It was just announced that the Memphis Animal Shelter will be closed from today through Thursday, January 14, for staff training. Based on recent events, a few days is far from enough time to correct the problems plaguing the shelter.
While there are e-mail records of citizens expressing concern over problems at the shelter dating back to 2008, matters started to come to a head late last year. Responding to allegations of abuse and mistreatment, city officials raided the shelter in October 2009. At least three dogs had died of starvation. In one instance, a 23-pound puppy was brought to the shelter in good health and within one month was dead from malnutrition. An autopsy concluded she had not eaten for at least 72 hours. Memphis Mayor A.C. Wharton fired the shelter’s administrator, Ernest Alexander, saying “I am not an expert on (animal shelters), but I can walk in there and tell you if there is enough food or water in the bowl.”
Problems have persisted. Weeks later, Demetria Hogan was made a supervisor at the shelter; it was soon revealed that Hogan is a convicted felon with a long arrest record. More disturbingly, since the October raid, there have been two known instances of dogs being euthanized accidentally. In one case, a dog named Kiddo was killed even though a woman had already filled out the necessary paperwork to adopt him. Kiddo was neither vicious nor sick.
Despite the good efforts of groups such as Community Action for Animals Memphis and the Humane Society of Memphis, the home of Elvis and Stax Records has always had issues when it comes to animal welfare. For example, even before the current controversies, the death rate at the Memphis Animal Shelter had been steadily increasing, from 75 in 2006 to 119 in 2007 to 193 2008. This is in addition to the estimated 250 animals euthanized every week.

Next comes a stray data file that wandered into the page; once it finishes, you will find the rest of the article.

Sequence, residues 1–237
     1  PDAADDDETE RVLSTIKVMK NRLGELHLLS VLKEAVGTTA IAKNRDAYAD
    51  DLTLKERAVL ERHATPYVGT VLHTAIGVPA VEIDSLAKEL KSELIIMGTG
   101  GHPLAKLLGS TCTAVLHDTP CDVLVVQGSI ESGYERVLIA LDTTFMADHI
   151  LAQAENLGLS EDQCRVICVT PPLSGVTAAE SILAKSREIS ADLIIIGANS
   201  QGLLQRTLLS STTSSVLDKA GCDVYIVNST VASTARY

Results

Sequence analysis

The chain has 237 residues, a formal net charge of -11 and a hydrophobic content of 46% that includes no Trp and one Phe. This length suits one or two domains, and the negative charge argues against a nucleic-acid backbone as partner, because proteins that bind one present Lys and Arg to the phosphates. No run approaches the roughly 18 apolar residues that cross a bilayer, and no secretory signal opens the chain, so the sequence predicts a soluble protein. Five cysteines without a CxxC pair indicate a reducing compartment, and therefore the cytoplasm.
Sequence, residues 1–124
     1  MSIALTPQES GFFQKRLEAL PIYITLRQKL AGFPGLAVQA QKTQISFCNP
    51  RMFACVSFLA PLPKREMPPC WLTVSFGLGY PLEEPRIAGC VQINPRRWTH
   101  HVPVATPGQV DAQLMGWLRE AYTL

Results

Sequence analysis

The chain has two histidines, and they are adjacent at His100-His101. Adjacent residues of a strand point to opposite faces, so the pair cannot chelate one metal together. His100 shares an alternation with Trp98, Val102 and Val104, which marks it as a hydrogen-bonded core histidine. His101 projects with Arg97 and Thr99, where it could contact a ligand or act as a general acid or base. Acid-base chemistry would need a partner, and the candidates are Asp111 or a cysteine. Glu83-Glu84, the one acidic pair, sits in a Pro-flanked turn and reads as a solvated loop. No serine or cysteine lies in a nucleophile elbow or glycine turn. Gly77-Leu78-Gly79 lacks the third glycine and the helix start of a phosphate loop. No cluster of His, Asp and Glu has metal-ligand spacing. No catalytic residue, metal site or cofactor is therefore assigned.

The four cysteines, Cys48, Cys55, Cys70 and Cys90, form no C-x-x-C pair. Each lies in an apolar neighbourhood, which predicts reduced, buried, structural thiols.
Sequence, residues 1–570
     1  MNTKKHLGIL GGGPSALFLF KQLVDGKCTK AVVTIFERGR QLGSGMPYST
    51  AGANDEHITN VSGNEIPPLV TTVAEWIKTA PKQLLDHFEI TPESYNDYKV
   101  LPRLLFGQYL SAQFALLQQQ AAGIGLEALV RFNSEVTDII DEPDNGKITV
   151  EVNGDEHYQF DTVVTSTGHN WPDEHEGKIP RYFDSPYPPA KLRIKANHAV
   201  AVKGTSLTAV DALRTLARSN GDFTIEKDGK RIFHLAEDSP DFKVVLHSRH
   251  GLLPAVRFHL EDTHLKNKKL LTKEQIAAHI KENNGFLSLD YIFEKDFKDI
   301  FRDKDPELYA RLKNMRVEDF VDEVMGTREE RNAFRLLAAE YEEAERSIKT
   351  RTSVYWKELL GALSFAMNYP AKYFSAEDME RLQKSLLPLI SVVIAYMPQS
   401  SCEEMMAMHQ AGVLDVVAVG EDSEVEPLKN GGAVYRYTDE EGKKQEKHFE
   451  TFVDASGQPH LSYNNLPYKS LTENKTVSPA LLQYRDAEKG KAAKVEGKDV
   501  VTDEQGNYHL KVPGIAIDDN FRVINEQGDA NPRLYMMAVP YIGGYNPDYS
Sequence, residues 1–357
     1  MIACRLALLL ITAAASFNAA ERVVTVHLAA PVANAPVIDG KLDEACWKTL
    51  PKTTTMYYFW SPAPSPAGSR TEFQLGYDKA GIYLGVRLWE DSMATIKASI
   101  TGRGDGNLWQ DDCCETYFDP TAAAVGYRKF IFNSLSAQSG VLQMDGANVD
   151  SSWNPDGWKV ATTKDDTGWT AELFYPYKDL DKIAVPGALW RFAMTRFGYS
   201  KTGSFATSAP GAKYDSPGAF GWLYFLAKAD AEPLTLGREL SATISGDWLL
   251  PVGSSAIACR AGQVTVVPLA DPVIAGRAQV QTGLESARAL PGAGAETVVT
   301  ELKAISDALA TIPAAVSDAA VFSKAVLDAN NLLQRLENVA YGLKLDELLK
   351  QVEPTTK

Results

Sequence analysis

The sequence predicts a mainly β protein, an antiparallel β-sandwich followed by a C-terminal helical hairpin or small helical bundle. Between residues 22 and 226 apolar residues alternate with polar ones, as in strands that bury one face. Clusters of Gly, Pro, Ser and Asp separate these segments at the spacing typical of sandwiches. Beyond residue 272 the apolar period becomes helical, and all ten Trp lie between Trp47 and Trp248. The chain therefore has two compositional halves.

The Bluff City also has quite a fascination with dog-fighting. In October 2009, 18 dogs were seized in connection with a fighting ring, as were 14 dogs in August. It isn’t just canines, either. A cockfighting ring was busted in February of last year, with 80 birds seized.
Even a casual visitor to Memphis might notice a certain level of indifference towards animals. I was born and raised there, and whenever I return for a visit, I can’t help but notice the surprising number of emaciated stray dogs wandering throughout the city. It’s an odd sight, especially in such an urban area.
Hopefully, the tragic situation at the Memphis Animal Shelter will spur the city to take animal welfare issues more seriously. Mayor Wharton has appointed a special task force of veterinarians, animal professionals, and concerned citizens to try to improve the situation at the city shelter. That’s a step in the right direction, especially since expanded spay and neuter programs and encouraging more adoptions are apparently major parts of the agenda. If some good comes out of this horrible affair, then at least those poor dogs won’t have died in vain.
Photo Credit: For the Love of the Dog